Snap Beans Trimmed and Cut to 2-4 Inch lengths-3 Minutes

Carrots washed peeled and diced, sliced or quartered-3 Minutes

Corn on the Cob husked-8 Minutes (I like to peel the corn off after blanching to freeze)

Leafy Greens (Spinach, Kale, Swiss Chard, Beet Greens) stemmed and cut-2 Minutes

Peas (Sugar Snap with shells removed)-2 Minutes.

These times and more, along with more specific techniques are all listed in the Ball Blue Book Guide to Preserving.

Personally, I do not blanch the shredded zucchini I use for baking.  It’s pretty much a mushy disaster to start.  It really can’t get any worse.  I do recommend using a shredder attachment on your food processor or stand mixer just to speed up the process, especially since zucchini tends to multiply.  I had a large zucc shredded and frozen in 7 minutes today.  That was pretty sweet.

I never blanch fruit. I  don’t think you are supposed too, however, I don’t know that for sure.  I am just grossed out by boiling fruit that is not in jam.

I use the same water (both ice and boiling) for multiple veggies in a single blanch session.  I am quite certain none of the experts recommend that and I just cannot bear the thought of dumping out boiling water and refilling it and re-boiling it 5-6 times.  I have a full-time job and it is not blanching vegetables.  So far I have not suffered any adverse effects for utilizing this lazy preservers’ method, so if you are short on time I suggest you try it too.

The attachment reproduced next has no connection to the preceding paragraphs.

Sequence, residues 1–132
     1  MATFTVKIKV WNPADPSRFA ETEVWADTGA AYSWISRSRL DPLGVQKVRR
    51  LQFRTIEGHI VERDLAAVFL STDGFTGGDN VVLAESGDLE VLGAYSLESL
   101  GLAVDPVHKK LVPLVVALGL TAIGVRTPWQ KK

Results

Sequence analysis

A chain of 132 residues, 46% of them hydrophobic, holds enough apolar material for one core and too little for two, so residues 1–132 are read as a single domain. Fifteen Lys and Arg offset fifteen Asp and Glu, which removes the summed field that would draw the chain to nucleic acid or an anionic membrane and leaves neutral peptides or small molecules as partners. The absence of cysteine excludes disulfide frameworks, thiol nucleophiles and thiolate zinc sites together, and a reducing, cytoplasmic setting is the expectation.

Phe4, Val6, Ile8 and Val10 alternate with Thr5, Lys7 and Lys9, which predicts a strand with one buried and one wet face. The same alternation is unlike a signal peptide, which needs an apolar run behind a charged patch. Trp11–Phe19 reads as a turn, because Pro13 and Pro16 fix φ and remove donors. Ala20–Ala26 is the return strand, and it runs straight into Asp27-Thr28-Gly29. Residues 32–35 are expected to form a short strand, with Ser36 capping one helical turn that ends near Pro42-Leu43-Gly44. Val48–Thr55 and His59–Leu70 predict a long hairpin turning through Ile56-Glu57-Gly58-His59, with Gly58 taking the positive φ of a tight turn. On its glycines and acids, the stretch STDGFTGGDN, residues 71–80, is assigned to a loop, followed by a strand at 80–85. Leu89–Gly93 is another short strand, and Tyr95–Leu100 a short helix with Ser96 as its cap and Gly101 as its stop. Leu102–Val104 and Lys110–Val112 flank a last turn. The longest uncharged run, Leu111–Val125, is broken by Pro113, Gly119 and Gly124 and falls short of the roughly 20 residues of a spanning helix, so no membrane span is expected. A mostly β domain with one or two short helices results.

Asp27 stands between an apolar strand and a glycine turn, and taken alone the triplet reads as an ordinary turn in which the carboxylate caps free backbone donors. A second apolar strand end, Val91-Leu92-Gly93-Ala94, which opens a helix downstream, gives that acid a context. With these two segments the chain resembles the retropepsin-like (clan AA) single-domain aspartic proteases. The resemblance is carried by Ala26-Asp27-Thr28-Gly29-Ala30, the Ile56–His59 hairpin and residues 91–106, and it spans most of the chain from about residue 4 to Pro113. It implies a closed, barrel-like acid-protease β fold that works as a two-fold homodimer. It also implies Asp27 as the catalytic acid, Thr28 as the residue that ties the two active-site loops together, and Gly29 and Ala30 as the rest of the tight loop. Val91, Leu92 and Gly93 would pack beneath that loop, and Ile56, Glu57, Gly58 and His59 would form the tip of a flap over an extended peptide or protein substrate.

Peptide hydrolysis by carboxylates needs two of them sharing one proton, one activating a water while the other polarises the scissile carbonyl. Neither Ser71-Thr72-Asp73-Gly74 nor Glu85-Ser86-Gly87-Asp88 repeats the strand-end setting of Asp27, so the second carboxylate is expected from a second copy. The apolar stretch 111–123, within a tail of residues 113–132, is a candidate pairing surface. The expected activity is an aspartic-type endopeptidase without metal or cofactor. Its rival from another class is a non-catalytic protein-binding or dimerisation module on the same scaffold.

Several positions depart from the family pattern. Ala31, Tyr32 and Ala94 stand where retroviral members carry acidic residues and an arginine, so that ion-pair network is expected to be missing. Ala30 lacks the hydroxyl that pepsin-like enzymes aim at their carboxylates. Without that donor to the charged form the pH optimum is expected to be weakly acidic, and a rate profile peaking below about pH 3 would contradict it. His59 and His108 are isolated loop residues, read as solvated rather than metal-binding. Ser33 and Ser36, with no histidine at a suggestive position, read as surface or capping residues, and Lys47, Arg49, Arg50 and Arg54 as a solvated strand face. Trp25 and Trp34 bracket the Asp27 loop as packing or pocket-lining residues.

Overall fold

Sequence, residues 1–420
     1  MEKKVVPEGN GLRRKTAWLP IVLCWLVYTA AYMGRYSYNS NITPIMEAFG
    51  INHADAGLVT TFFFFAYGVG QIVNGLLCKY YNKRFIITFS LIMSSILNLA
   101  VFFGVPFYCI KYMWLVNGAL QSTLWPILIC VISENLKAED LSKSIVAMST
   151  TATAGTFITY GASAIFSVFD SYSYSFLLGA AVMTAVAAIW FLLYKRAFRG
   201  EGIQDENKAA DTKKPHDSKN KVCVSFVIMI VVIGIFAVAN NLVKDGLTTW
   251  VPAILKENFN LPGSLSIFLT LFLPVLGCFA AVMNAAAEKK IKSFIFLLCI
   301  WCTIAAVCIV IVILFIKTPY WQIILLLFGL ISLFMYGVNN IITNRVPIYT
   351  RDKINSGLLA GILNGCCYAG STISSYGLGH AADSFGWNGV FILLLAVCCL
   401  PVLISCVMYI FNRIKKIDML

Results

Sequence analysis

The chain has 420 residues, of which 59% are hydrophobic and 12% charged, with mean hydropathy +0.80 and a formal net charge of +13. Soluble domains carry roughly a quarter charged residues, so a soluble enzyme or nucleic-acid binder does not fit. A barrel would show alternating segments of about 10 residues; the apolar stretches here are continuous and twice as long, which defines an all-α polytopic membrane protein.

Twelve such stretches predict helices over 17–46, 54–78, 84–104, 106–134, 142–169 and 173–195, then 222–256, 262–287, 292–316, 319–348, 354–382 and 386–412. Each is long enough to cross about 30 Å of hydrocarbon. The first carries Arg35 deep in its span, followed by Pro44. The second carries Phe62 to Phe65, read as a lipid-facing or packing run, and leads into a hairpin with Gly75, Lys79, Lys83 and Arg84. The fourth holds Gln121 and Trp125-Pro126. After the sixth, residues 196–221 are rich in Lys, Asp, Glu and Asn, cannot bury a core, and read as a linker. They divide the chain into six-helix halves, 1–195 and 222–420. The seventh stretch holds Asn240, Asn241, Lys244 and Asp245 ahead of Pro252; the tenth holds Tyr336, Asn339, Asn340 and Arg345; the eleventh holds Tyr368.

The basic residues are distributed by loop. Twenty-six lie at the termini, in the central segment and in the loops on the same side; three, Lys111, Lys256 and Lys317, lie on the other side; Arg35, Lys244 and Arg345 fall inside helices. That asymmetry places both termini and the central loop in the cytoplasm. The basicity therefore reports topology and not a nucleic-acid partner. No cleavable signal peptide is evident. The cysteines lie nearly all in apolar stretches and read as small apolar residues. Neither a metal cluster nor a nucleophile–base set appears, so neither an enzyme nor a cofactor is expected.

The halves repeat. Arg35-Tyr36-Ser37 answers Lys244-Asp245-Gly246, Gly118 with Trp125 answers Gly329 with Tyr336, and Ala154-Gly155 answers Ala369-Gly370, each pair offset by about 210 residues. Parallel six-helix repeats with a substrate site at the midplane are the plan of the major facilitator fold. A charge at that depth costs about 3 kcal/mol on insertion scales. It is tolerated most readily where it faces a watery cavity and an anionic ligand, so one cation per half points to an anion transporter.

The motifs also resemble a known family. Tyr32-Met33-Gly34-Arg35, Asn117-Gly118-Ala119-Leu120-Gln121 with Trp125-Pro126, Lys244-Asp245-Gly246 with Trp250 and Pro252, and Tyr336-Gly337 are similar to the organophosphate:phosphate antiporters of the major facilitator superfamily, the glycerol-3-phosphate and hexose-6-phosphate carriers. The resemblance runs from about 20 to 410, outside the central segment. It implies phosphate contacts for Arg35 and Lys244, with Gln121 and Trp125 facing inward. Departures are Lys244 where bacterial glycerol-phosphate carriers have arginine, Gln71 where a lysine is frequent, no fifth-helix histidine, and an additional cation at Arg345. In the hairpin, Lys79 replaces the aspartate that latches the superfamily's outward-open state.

At the end of the day if you find yourself asking the question “Do I REAALLLLY need to blanch these vegetables before freezing them?”, Turn on the Pandora and put on your sleeveless shirt and comfy shoes, because the answer is YES.  Please let us know if you have other blanching/freezing tips to make the process easier or more enjoyable.

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Although slightly behind due to the weather, harvest season is starting.   For the women who came before us this was a full-time job that required a full-time commitment and more.  This was also a time when women had to wake up before dawn to stoke the fire, start the bread, milk the cows, churn the butter and patch the dungarees.  Sounds nice doesn’t it?  Regardless of what used to be,  my typical day currently looks something like this:

1. Wake up with alarm.  It may or may not be dawn.  Depends on the time of year.

2. Let dog out, brew coffee, take shower, dress child prepare lunches, breakfasts, etc. Turn on Disney Channel/Nick Jr. and pray for a meltdown free morning.

3. Rush off to office and punch in just under the wire.  Work a full day.

4. Leave office.  Make any and all last-minute stops.  Funny how last-minute turns into last 20.  Barely make it home/to daycare on time.